Minnesota would have to haggle and determine the best fits, but Gibson is a must to make any deal work financially.
A Big Three of Rose, Love and Noah would be devastating if healthy—especially if head coach Tom Thibodeau can get the potential new addition to buy in on defense.
Nevertheless, another one of the big man's "desired destinations" stands out above the rest.
Golden State Warriors
G-State may not have a lottery pick in 2014, but the young and talented roster has more than enough pieces to send Minnesota's way.
As Bleacher Report's Grant Hughes wrote:
Golden State is an exciting destination, with loads of talent and enough intriguing assets (David Lee, Harrison Barnes and/or Klay Thompson, to name three) to pull something off. And with the added pressure of winning big under new head coach Steve Kerr, perhaps the Dubs will be extra motivated to swing a deal.
Lee, Barnes and Thompson are all rock-solid NBA talents. Picking up two out of those three guys would stem the bleeding from a Love deal. It would also make Minnesota a viable destination for free agents looking to join a fresh new core.
Is it possible that there's something brewing in the Bay Area?
As Berman wrote, "It's unclear if Steve Kerr knew Love's preference when he chose to coach the Warriors, but it's very possible."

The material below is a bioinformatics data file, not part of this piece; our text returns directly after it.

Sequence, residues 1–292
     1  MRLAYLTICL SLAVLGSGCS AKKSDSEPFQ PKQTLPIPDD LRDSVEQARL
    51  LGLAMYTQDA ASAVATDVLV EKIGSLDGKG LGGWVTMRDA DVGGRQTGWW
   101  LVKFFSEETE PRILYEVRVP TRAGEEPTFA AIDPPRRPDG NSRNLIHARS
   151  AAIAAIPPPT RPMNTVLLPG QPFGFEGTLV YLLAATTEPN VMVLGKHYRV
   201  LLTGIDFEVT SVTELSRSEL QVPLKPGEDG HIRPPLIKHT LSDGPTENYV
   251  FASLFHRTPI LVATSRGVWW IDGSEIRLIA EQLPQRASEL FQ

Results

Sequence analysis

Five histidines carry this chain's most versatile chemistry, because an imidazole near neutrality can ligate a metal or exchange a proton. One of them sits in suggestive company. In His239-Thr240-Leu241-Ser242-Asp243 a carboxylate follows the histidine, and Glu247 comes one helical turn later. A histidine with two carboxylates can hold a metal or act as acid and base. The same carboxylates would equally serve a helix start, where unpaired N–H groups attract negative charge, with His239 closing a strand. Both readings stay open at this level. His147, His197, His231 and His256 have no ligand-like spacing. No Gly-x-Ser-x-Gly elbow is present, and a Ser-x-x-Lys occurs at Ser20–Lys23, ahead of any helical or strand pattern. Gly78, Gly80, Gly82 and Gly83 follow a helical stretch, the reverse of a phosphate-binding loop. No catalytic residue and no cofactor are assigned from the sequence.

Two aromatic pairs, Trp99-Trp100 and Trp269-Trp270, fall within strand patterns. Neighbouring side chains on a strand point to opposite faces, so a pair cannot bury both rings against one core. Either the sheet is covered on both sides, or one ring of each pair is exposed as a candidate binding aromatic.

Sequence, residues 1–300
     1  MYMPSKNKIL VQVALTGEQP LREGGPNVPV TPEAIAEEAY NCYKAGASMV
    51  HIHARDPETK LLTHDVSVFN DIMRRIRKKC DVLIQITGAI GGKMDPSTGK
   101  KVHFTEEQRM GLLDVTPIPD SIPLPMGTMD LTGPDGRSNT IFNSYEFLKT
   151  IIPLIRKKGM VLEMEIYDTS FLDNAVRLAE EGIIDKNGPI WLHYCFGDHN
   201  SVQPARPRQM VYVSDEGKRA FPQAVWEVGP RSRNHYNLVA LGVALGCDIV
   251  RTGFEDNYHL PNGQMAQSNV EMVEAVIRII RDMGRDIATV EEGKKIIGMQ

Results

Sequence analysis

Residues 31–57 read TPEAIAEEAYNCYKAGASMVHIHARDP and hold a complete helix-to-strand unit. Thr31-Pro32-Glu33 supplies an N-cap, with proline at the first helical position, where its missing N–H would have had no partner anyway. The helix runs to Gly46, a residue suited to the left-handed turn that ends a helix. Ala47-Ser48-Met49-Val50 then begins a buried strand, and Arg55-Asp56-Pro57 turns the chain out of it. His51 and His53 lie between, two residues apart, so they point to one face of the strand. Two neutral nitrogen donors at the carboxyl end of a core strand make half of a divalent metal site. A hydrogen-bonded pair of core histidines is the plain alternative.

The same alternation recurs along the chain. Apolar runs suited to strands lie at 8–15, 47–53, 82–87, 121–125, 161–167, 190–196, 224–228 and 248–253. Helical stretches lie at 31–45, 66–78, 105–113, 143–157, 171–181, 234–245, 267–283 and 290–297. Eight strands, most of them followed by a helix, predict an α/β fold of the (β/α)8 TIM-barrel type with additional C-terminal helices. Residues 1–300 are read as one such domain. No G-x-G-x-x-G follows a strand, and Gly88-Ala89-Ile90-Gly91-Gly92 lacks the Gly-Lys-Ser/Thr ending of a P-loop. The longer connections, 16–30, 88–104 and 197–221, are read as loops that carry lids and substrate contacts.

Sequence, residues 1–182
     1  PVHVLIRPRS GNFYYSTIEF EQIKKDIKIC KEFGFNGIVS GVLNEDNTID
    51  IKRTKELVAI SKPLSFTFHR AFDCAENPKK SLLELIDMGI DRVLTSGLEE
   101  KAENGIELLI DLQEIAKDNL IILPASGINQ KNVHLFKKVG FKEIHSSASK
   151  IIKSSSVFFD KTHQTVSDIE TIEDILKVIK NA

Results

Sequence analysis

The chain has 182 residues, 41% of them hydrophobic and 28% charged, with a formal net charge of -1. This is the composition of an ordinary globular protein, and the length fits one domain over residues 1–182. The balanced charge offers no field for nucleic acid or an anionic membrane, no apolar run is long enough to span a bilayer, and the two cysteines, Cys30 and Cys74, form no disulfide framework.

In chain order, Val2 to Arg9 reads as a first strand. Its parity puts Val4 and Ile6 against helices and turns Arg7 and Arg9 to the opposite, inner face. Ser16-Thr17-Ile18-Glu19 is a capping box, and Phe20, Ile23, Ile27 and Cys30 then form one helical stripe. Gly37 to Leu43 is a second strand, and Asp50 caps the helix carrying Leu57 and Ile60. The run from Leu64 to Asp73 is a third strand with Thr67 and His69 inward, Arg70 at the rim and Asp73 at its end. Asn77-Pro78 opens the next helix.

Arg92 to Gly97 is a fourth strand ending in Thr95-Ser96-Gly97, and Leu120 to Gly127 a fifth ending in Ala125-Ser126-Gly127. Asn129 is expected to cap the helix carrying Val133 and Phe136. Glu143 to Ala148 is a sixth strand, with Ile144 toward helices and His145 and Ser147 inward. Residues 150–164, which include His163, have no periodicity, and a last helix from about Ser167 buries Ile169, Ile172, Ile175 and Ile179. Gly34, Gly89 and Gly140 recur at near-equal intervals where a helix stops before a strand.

If money, proximity to his home, basketball appeal and long-term security wasn't enough of an incentive to coach the Dubs, Berman is throwing out the idea that Kerr might have known about Love's intentions to put Golden State near the top of his wish list.
Take that speculation with a grain of salt, but it doesn't change the fact that Golden State is a very worthy suitor.
If Kevin Love gets traded, what team will he wind up with?
Now, with the prospect of losing the organization's best player as a distinct possibility, T-Wolves fans need to look on the bright side.
There aren't many silver linings when a franchise-changing star wants to storm out the exit. However, how "franchise-changing" has Love been over the past six years?
In that time, the Timberwolves have never reached the postseason. Not even as a No. 8 seed. Whether the former UCLA standout likes it or not, that's partly on him.